We knew it - a good looking estate agent can increase the value of a property. And now we have proof, right down to the tenth of one per cent.
A study by the University of New South Wales in Australia assessed how much a perceived ‘good looking’ agent - of either sex - could add as an 'attractive premium'.
It examined the what statisticians calls the standard deviation increase that occured in estate agents' physical attractiveness, finding that for every step up the ladder of perceived beauty, the final selling price of a property reliably increased by 2.3 per cent.
“Our research shows that that the degree of attractiveness of an estate agent spills over into the property they are selling, making it more attractive in the minds of buyers” says researcher and UNSW Business School senior lecturer Robert Tumarkin.
The study matched photographs of estate agents, who had been rated on attractiveness in independent tests with property sales that had generated the same average investment, and found that good-looking agents were achieving substantial price premiums.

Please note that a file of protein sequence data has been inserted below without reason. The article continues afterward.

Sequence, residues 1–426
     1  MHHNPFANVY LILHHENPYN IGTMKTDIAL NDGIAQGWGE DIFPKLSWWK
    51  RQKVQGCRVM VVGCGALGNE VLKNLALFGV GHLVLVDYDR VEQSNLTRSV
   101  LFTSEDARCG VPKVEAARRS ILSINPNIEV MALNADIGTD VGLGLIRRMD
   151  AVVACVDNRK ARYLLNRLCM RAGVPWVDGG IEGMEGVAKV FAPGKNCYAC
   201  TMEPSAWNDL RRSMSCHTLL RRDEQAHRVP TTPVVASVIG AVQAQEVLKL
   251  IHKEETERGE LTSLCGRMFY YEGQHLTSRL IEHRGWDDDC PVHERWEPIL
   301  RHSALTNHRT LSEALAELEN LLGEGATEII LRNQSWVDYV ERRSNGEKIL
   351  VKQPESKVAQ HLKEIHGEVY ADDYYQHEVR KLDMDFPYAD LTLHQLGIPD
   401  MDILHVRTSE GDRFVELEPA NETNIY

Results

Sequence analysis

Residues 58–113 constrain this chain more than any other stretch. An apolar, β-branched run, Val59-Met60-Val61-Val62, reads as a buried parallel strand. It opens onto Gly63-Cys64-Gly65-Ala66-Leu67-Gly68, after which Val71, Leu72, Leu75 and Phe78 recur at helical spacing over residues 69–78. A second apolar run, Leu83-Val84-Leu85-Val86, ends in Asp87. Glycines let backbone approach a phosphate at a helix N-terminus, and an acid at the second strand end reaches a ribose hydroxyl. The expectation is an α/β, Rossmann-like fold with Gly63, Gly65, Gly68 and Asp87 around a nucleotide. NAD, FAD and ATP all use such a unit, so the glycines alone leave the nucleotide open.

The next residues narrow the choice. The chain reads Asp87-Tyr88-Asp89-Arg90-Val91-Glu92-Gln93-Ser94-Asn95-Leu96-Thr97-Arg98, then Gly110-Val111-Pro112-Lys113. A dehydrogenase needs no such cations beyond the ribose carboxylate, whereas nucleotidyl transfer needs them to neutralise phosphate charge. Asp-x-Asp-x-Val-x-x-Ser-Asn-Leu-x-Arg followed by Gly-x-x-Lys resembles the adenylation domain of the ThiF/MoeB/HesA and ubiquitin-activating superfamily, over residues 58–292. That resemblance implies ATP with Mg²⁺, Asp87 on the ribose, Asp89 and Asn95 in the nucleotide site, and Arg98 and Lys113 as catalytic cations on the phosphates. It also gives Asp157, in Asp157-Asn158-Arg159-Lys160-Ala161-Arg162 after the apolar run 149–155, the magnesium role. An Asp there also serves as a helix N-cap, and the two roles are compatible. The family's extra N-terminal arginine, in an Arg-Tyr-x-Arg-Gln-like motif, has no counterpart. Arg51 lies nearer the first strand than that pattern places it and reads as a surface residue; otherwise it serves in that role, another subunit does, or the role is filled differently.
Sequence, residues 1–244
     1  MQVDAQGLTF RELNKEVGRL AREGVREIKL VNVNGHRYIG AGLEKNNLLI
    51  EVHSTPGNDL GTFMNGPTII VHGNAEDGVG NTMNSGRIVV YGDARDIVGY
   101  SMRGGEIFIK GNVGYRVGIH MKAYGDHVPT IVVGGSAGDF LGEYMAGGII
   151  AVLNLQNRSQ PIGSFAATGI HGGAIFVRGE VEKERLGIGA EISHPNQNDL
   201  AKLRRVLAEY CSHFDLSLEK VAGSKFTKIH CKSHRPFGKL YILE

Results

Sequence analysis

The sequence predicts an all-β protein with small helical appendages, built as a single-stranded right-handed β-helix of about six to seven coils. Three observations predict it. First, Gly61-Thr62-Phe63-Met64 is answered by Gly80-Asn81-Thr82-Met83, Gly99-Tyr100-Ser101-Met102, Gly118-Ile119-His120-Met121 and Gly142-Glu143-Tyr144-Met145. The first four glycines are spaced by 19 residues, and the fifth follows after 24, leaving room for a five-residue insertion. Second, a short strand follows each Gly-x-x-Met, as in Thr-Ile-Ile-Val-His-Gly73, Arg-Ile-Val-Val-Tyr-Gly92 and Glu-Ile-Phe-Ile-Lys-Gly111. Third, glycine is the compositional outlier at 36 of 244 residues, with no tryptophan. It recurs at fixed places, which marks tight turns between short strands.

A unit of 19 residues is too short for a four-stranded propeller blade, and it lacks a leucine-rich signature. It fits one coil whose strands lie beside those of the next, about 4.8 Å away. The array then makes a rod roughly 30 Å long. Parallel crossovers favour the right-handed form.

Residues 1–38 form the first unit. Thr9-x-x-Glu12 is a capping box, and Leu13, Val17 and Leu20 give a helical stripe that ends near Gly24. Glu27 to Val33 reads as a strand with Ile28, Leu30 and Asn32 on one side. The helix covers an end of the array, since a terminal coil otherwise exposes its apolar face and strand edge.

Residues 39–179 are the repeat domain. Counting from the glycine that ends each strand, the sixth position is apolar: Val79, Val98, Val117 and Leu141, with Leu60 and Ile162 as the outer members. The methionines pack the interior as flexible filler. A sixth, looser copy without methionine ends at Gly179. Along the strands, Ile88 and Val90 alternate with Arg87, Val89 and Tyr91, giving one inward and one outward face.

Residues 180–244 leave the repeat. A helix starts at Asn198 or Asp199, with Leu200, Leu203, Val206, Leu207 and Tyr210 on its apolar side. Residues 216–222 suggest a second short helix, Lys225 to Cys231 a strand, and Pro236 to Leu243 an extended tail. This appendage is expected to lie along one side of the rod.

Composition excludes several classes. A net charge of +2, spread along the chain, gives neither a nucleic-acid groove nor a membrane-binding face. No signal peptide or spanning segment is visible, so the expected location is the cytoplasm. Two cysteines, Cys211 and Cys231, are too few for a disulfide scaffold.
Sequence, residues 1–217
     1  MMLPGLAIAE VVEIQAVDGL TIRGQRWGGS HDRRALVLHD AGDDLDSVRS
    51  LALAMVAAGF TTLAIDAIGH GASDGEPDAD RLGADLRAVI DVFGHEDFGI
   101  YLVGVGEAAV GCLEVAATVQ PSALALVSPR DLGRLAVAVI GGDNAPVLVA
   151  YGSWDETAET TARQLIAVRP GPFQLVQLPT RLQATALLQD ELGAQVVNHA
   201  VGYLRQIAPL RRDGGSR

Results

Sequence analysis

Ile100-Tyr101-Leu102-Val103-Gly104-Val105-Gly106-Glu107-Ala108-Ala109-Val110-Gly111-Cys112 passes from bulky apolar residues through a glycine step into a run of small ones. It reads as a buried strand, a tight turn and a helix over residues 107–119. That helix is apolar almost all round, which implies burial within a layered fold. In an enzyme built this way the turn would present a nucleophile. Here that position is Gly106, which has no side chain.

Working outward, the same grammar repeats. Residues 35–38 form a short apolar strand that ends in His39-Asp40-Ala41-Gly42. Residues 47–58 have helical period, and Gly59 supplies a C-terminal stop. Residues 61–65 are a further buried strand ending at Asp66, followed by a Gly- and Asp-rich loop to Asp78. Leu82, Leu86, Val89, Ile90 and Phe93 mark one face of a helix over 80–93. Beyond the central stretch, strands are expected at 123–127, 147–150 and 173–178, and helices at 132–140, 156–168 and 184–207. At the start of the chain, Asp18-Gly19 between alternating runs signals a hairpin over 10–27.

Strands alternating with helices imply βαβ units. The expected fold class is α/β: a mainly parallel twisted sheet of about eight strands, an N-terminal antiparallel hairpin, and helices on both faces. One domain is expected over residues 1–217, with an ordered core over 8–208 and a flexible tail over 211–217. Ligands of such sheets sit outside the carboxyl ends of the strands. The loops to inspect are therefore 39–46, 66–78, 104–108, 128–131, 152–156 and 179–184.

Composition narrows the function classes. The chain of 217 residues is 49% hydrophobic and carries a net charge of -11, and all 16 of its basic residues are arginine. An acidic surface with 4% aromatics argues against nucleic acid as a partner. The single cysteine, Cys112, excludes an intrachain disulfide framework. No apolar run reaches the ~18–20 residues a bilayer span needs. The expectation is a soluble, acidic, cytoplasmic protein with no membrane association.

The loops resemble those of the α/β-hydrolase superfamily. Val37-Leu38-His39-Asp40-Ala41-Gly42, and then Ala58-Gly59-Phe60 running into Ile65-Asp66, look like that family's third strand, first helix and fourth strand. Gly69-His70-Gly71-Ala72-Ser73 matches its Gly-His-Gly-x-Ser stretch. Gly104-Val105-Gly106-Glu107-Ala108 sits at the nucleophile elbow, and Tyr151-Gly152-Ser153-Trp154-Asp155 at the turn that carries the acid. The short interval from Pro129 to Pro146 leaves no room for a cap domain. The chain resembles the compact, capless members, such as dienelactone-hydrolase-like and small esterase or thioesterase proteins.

It's an expansion of what is known by some psychologists and others as the 'halo effect', where a person's overall impression of something affects their evaluation of its individual aspects. In regard to property, the research suggests that a beautiful estate agent distorts our ability to isolate and accurately discern the true value of a property.
A similar US study in 2013 found that based on the nature of agent commission and the profits yielded from an increased property sale price, 'beauty enhances an agent's wage'.
Frank Mixon, a professor of economics at Columbus State University's Turner College of Business, qualified the conclusions by noting that “attractiveness is not the 'be all, end all' – it just helps to tip the scales when competitors are otherwise equally talented or skilled”.
We are grateful to agent comparison website LocalAgentFinder for drawing this to our attention. Now we’d like to hear what you say: if you have evidence this is correct (or incorrect, if you think one of your negotiators is less than gorgeous), please let us know by emailing us on firstname.lastname@example.org.